There was also a video store, back when those things existed, that served popcorn to customers. And the only portable piece of equipment was the scoop that was used to serve the popcorn. Again, they had to install an industrial dishwasher to wash the scoop, even though the business owner went to the restaurant next door and got a signed letter saying that they would be permitted to wash their scoop in the restaurant's industrial dishwasher every day. That wasn't good enough for the health authority. It's stuff like that that drives businesses crazy.
Who's showing some leadership in terms of cutting red tape?
There's quite a bit happening on the federal government's part. On the challenge of regulatory creep – when new regulations come into effect but old ones never go away – the federal government has passed a one-for-one policy. So for every new regulation, the department or agency has to find one to scrap. And that really does help. We're trying to effect a cultural change within the civil service, so that they're not just regulation makers, but regulation managers. B.C. has really been the leader on this front. A decade or so ago, they put into place a two-for-one ratio – so they had to scrap two regulations for every new one that came into being. Now, just in terms of clarifying the size and scope of the problem, when Gordon Campbell became Premier of B.C. in 2001, the Liberals became the first government in Canada to actually count the number of regulatory requirements they had. Guess how many they came up with, for the B.C. government alone?
Three hundred and seventy-five thousand. The line I use is that if a business owner could understand and fully implement 375 regulatory requirements, I'd be really impressed. I'd say bravo. But they don't have 375 requirements to implement. They have a good chunk of 375,000.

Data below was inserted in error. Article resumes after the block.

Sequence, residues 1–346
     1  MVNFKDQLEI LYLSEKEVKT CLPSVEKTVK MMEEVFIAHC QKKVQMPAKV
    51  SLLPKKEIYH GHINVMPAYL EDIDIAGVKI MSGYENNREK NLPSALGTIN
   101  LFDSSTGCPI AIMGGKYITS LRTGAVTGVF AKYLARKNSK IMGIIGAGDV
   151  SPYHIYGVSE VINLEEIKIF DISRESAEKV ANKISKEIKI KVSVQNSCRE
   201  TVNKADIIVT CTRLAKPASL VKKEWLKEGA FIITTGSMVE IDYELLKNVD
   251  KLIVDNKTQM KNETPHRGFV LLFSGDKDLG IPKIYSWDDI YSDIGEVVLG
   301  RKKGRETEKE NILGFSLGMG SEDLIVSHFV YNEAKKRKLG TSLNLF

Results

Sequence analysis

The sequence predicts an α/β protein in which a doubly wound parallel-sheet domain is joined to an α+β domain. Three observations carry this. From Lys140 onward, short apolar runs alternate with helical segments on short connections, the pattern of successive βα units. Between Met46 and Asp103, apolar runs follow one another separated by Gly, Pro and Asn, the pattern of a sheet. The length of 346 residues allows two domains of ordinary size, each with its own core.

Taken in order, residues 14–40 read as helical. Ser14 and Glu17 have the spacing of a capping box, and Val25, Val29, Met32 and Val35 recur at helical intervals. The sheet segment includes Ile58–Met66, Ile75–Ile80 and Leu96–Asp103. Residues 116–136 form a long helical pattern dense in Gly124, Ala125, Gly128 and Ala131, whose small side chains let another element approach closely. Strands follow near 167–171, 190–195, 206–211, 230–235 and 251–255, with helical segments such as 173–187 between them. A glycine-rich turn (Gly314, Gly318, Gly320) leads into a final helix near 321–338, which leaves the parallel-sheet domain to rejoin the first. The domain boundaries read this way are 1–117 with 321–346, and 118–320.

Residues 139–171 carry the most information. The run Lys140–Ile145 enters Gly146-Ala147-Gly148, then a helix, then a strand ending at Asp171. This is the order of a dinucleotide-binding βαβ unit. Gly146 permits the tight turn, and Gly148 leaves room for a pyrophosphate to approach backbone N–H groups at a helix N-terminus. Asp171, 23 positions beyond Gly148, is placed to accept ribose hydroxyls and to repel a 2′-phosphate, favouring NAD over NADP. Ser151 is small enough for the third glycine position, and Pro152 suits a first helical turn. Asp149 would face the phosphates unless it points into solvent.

B.C. has reduced that by 40 per cent, and they've kept to a one-to-one ratio ever since, so it hasn't been allowed to creep back up to the bad old days.
The Ontario government has done some really intense deep dives in certain sectors.
One of the governments we've been most disappointed with is Alberta. They've done a lot of good things on the fiscal side, but not so much on the regulatory side.
It really is a tough one to get at because regulatory reform is about as unsexy as it gets. There aren't a lot of ribbons to cut.
But small business owners are such a huge constituency, you'd think there would be more interest in solving the problem.
There is, but it happens in fits and starts. You'll get a government or particular politician excited about the issue, and they'll launch a big task force and they'll invite the business community to name the problematic regulations. And the task force – all earnest, hard-working people – may work for six months or a year on six regulations and, with big fanfare, decide to scrap or change those six. But in the meantime, 600 new regulations have come up.
What needs to happen?
We need better regulation-making processes, and we need to actually legislate them. We need to regulate the regulators. So policies like a one-for-one rule can really help. Counting regulations is a huge step, tracking them over time, and putting in place a target for reduction. We're winning more battles than we're losing, but it is a sustained and often very tedious exercise.
We're starting to see it at the international level, with Canada and the U.S. negotiating efforts to harmonize the rules and regulations between Canada and the U.S. But one of the areas where not much has happened at all is interprovincial regulatory differences. If you're taking hay across the B.C.-Alberta border, the hay needs to be stacked differently on the truck depending on what side of the border you're on. I think that one has been fixed, but that's a real example.
Are there any nations that should be a model for Canada?
There's been some good work in the U.K. on this front. When they're passing a regulation, they have to think about how it applies to a small business first, as opposed to the largest operations. They also put in place sunset clauses, so regulations expire after a certain amount of time, forcing the government to keep them fresh. They also put a policy in place where all new rules and regulations come into effect at the same time. One of the challenges our members have is that, with 50 different agencies and departments, there's a new regulation every week. The U.K. policy means that all regulations go into effect on, say, July 1, and therefore entrepreneurs can pay attention on July 1 to see what's new.
They all seem like simple changes.
It doesn't have to be rocket science to fix these things, but what it needs is sustained interest and some ground rules. It's surprisingly tough.